Once you have a picture of what retirement will look like, you need to determine the monthly income needed to support it. Once you have these totals, you need to compare with the sources of income that will be coming in. This might be from Social Security and pensions. If these two fixed-income sources cover all of your expected cash needs, you are probably in good shape. Often, there is a shortfall. This gap must be made up from other sources.
Some might come from investments such as 401(k)s, Individual Retirement Accounts or brokerage accounts. You may have a Roth IRA. It is important to take money from the right accounts to minimize taxes so that you have more to spend on your needs and desires.
You may have rental income, royalties or may plan to work part time. By factoring in any of these sources, see if your income gap is covered. If not, you may have to consider some adjustments to your desired retirement. Make sure you plan for inflation protection. Many people use 3% for their plans. Without this element, your purchasing power will slowly erode away.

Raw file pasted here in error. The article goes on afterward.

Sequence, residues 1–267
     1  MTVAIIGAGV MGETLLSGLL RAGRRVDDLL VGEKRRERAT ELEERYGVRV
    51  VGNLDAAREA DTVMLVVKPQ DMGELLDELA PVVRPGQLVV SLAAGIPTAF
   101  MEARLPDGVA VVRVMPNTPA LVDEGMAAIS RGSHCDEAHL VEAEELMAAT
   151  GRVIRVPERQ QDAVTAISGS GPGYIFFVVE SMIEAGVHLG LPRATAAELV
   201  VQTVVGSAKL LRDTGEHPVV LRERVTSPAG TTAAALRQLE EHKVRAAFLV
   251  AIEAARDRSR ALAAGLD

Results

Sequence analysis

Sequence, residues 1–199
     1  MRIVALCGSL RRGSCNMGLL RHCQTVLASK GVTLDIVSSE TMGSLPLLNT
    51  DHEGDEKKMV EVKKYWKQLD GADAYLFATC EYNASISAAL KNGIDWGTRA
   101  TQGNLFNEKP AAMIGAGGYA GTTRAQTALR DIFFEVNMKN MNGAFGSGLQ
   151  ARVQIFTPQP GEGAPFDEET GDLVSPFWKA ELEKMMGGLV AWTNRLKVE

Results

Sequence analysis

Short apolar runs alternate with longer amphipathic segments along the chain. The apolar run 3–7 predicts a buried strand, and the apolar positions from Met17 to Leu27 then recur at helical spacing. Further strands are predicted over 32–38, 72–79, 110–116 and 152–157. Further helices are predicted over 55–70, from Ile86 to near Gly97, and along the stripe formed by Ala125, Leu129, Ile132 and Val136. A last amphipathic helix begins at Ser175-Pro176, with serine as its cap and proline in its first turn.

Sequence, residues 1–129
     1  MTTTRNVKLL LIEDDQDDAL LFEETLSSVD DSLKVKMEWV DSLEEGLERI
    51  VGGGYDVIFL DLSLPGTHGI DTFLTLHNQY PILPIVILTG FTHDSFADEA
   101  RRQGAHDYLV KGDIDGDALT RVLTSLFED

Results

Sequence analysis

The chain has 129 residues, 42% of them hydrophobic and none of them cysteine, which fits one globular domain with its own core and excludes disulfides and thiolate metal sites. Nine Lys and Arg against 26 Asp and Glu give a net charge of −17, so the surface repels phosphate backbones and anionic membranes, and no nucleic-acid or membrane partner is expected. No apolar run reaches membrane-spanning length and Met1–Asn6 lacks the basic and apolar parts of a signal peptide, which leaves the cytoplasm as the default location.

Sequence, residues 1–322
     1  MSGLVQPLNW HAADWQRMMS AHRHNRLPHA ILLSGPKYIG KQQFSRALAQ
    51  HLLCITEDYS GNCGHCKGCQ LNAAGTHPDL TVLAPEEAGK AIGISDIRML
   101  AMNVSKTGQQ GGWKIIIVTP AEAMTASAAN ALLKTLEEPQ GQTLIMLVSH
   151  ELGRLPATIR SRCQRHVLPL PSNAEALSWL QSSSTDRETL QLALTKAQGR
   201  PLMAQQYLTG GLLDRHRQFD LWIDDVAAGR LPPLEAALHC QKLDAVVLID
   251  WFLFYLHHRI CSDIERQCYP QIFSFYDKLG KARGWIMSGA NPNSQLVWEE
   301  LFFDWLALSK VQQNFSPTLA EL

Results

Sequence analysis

There are three main risks in retirement. First is longevity. That is the possibility of running out of money. Unless you come from a family with very short life expectancy or are currently very ill, you should provably plan on living until age 95. With modern medicine and improved environmental conditions, centurions are one of the fastest-growing segments in our society.
The second major risk is market risk. If the market crashes right before or soon after retirement starts, you could get wiped out in your investment accounts. This sequence of risk can be a death blow. Many people just got an unusual second opportunity. Never before have we seen the stock market crash so fast and recover so quickly. That will probably not happen the next time there is a major correction.